Top city attractions, culture, historical facts and anecdotes on
a bus tour of Winnipeg, Manitoba
I board the historically-inspired trolley bus for the Heart of a Nation City Tour at The Forks. The Forks seems a fitting spot to begin the tour of Winnipeg, Manitoba. Located at the junction of the Red and Assiniboine Rivers, The Forks has been a meeting spot for over six thousand years. It remains a meeting spot today, with shopping, dining, museums, outdoor activities, and entertainment.
City bus tours can be a great way to get an overview of a city and what it offers visitors. Today, I am curious to see what is highlighted in this tour of my home city. There are approximately fifteen other people on the tour with me. I don’t catch where all of them are from, but do hear Regina, Minneapolis, and New York.
Our guide begins by talking about the name of the tour – Heart of a Nation. Winnipeg is in the longitudinal centre of Canada. Our guide says the tour will also take a metaphorical view and highlight Winnipeg’s role in the development of Canada.
We cross the Provencher Bridge into Saint Boniface, Winnipeg’s French quarter. As we pass the St. Boniface Cathedral, I hear oohs and aahs from the other passengers. The Cathedral was built in 1908 and destroyed by fire in 1968. The front facade remained and has been incorporated into the design of the new church built behind it.
We go through the Exchange District, a National Historic Site where you’ll find the largest collection of turn-of-the-century architecture in North America. The area has been the setting for several major motion pictures.
We drive down Portage Avenue and the heart of downtown. Our guide points out both old and new buildings – the Birks building, built in 1901, with six terracotta medallions on the front about the third floor, each one depicting a material used by jewelers; the MTS Centre, built in 2004, now home to the Winnipeg Jets hockey team; the Hudson’s Bay store built in 1926; Manitoba Hydro Place, opened in 2009, the most energy efficient office tower in North America and the only office building in Canada to receive LEED®Platinum certification. We head toward Wellington Crescent.
Wellington Crescent is a wide boulevard lined with large, stately homes. Many of the city’s wealthiest and most prominent citizens built mansions here in the late 1800s and early 1900s. We drive down Wellington Crescent and into Assiniboine Park. The park contains green space, an outdoor theatre, a zoo, English gardens, French formal gardens, a sculpture garden, a Conservatory, cricket grounds, a Winnie-the-Pooh gallery, a playground, and forest area.
As we travel, our guide provides historical background – about the fur trade, Louis Riel, La Vérendrye, the 1919 General Strike, and more. We continue back to downtown through River Heights, a neighbourhood with streets lined with mature trees forming canopies. The neighbourhood developed in 1912, the hundredth anniversary of the War of 1812, and many of the streets are named after figures from the 1812 war. As we pass the community centre where the Guess Who often played, our guide plays a snippet of “American Woman” through the speakers. We pass the house where Neil Young once lived. Our guide tells a story about current owners returning home one evening to find a man sitting on their doorstep. The man turned out to be Bob Dylan, who had come to see where Neil Young had grown up.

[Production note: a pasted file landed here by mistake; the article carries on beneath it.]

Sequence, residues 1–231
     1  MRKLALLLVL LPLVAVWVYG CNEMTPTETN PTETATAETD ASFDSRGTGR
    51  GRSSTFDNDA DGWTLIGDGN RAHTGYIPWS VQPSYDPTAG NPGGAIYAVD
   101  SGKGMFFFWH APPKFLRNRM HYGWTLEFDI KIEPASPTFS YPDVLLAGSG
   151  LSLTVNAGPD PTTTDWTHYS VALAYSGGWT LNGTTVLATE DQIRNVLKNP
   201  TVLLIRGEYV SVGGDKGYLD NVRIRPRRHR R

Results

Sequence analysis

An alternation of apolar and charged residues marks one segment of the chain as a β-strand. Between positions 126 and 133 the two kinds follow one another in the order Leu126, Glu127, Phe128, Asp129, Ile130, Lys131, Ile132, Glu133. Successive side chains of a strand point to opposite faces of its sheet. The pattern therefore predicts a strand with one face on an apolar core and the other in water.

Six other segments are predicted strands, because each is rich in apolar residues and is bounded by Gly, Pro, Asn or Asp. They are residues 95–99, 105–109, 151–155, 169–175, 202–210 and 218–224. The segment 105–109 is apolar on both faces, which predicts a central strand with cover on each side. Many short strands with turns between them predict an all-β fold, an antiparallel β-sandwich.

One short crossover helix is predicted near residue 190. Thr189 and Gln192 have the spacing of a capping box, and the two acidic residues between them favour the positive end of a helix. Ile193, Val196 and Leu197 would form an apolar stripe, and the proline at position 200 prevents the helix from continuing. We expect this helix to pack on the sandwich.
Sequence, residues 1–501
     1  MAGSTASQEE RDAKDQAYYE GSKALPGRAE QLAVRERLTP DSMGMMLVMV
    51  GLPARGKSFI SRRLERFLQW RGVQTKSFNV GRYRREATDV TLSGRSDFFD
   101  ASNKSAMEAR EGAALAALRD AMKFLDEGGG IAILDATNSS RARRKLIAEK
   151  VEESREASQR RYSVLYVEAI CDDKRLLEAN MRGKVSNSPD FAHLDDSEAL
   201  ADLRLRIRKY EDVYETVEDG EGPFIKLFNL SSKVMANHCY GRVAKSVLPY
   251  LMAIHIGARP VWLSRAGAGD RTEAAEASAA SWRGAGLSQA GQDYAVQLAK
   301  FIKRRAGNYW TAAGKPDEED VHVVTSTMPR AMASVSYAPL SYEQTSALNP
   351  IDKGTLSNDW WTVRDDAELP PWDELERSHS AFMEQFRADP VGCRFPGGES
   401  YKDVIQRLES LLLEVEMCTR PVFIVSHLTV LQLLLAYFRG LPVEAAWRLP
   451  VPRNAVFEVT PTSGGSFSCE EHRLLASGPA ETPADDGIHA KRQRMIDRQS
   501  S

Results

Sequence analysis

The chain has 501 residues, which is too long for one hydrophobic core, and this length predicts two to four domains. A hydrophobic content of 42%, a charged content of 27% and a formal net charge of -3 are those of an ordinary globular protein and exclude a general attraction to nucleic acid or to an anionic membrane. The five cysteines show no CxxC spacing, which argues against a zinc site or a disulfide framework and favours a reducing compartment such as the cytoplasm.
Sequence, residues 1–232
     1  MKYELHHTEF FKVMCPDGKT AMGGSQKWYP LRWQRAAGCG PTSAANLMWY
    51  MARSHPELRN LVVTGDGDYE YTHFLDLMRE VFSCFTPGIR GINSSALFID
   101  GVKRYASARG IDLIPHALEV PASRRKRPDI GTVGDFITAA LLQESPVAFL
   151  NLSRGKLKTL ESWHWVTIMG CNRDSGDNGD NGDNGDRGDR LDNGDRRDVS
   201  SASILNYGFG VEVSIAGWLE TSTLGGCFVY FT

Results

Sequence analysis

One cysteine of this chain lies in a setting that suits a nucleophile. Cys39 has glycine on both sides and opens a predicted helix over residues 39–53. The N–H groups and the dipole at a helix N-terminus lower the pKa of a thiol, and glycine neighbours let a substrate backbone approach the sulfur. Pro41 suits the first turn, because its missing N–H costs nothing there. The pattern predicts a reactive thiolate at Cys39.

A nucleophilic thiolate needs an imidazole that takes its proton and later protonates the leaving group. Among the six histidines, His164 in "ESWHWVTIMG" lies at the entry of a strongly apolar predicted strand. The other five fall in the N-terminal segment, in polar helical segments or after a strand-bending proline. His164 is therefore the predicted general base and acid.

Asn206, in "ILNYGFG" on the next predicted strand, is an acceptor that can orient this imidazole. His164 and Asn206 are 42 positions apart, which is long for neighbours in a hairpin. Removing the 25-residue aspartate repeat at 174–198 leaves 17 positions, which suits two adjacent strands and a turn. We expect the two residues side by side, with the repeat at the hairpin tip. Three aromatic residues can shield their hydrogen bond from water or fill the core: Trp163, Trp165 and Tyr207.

Our guide peppers the factual information he provides about the places we pass and their history with amusing anecdotes. My favourite is the one he tells about Francis Cornish, Winnipeg’s first mayor. The police arrested him one evening for driving his horse and carriage intoxicated. Cornish was a magistrate and the next morning he appeared before himself. He pleaded guilty. In his magistrate role, he fined himself and then waived the fine because it was a first offence.
We drive down Corydon Street, known as Little Italy because of the Italian influence and restaurants, although there are a variety of dining options here. Our guide says he’s counted as many sushi and Japanese places as Italian. We pass through Osborne Village, the most densely populated neighbourhood in Winnipeg. We drive around the Manitoba Legislative Building and our guide tells us about the many freemason symbols incorporated into the building. (Side note: The Hermetic Code Tour is a fun and interesting tour of the Manitoba Legislative Building focused on the freemason codes and symbols.)
Other buildings of interest during the tour include the Winnipeg Art Gallery, which houses the world’s largest collection of Inuit art, and the Manitoba Museum, a museum that reflects the heritage of Manitoba and explores the interrelationship of man and nature. It was built around the Nonsuch, a replica of a seventeenth century 53-foot sailing craft.
The tour passes Winnipeg’s newest attraction, the Canadian Museum for Human Rights, as it ends back at The Forks. Passengers disembark and comment on how much they enjoyed the tour and how interesting it was.
I think the tour provides a good overview of the attractions in central Winnipeg and good background about the city. Further exploration of the places highlighted could keep a visitor engaged for days. The only fault I can find with the tour is that in an hour and forty minutes it is not possible to showcase the many worthwhile attractions in other areas of the city, or outside city boundaries.